Spare Wants to Close New York City’s Hunger Gap

App combines hospitality and charity

Andra Tomsa developed Spare, an app to fight hunger in New York City. (Photo: Spare)

Andra Tomsa developed Spare, an app to fight hunger in New York City. (Photo: Spare)

Andra Tomsa was born in Romania, raised in suburban New Jersey and attended Fordham University in the South Bronx, where she still lives. The disparate environments and qualities of life she witnessed in these places gave her an early understanding of the genetic lottery, and drove her to find a solution to income disparities.

“I understood at a young age that circumstances can be very different,” Ms. Tomsa told the Observer. “I’ve always had a passion to fight inequality. I wanted to rebalance the situation and give everyone equal access to what they deserve.”

Several different factors allowed Ms. Tomsa to fulfill that goal. While pursuing her economics degree at Fordham, she was a bartender at local watering holes and noticed the preferential treatment given to frequent customers.

At the same time, she learned about Bank of America’s savings program, which rounds up debit card purchases to the nearest dollar and adds the balance to the customer’s savings account.

Once Ms. Tomsa thought about how she could combine her experiences in the hospitality industry with her lifelong desire to help the needy, she realized that rounding up bills Bank of America-style was the easiest way for wealthy patrons to donate to help needier citizens.

“Hospitality is a cash cow in New York,” Ms. Tomsa said. “People just throw money into it. I wanted to capitalize on that and funnel that gigantic cash flow. And if you dilute the task and ask the end patron to round up, you’re not costing the restaurant anything.”

Seeing an opportunity for charity, Ms. Tomsa launched the app Spare in March 2014—the new version is being released today. As hinted by its name, the app uses spare change to feed the hungry. Customers who use Spare at New York City restaurants can round their bills up to the nearest dollar to support hunger relief—they can also donate up to $0.99 no matter the amount of their bill.

Spare's partner restaurants offer rewards for frequent donations. (Photo: Screenshot)

Spare’s partner restaurants offer rewards for frequent donations. (Photo: Screenshot)

The app is designed to help food insecure families in New York City—one in five city residents don’t have access to healthy food, and each year the city’s poorest residents miss a total of 250 million meals.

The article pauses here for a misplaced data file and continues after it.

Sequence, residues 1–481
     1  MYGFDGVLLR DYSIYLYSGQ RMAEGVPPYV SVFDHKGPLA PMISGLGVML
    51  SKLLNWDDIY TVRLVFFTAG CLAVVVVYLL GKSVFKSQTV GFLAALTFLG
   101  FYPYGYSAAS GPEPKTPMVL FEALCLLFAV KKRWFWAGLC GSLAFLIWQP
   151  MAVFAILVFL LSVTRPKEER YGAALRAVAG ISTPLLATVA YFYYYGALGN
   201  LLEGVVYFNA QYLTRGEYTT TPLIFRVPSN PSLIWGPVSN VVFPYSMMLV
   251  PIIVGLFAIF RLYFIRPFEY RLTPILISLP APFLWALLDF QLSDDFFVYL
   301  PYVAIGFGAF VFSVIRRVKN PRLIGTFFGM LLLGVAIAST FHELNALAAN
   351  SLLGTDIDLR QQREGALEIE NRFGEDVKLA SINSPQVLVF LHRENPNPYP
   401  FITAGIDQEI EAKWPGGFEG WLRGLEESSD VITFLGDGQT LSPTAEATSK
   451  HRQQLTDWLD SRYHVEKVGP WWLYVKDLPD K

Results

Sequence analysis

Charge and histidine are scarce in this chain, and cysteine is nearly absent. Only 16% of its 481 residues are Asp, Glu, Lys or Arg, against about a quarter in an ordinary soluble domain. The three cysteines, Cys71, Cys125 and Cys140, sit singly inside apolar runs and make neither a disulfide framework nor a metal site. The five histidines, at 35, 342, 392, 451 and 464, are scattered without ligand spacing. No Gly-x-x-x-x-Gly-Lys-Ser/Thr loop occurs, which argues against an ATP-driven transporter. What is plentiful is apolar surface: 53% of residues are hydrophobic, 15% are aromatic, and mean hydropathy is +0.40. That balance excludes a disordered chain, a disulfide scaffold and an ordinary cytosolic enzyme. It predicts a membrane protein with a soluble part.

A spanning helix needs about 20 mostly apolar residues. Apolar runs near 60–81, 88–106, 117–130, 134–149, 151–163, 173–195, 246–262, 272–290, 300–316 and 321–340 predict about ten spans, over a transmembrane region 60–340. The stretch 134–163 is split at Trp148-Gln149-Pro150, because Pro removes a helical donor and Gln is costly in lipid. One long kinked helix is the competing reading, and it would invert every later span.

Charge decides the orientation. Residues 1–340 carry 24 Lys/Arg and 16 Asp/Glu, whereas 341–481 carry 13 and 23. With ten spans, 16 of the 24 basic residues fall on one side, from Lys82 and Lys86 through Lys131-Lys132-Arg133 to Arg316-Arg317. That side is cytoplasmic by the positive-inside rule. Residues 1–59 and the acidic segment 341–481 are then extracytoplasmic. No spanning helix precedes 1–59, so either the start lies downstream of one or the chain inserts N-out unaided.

Spare is a for profit company that leases the use of the tech to a non-profit that then distributes 80 percent of round up revenue to four partner beneficiaries for a 20 percent fee.

Giving $0.99 may not seem to help the problem much, but according to estimates from the Food Bank for New York City that small amount can help feed four people—the food bank has relationships with city retailers and buys in bulk, which is cheaper than paying consumer prices.

The tax deductible donations Spare receives go to local charities, including the Food Bank and City Harvest.

While Spare can be used at any eatery in the city, the app’s 15 partner restaurants in Manhattan, Brooklyn and the Bronx offer discounts and rewards to customers who give frequently. With the Spare loyalty program, if you donate three times at one of the partner locations within one month, you get a free cocktail. Donate five times, and you get a free appetizer or dessert. The app tracks the number of visits to each restaurant.

“I was trying to create a win-win,” Ms. Tomsa said. “The value the consumer gets far surpasses what they’ve donated, and these restaurants get to expose their business to more people. It’s very seamless, very fluid and very easy.”

Ms. Tomsa’s lofty final goal is to close the meal gap in New York City—though she admits this isn’t a simple task, she thinks bringing people from all economic strata together to help the neediest is the best way to solve it.

“If we can engage people, we can close something that’s been there forever,” Ms. Tomsa said. “We can raise awareness, bring the community together and do something truly incredible.”

Spare Wants to Close New York City’s Hunger Gap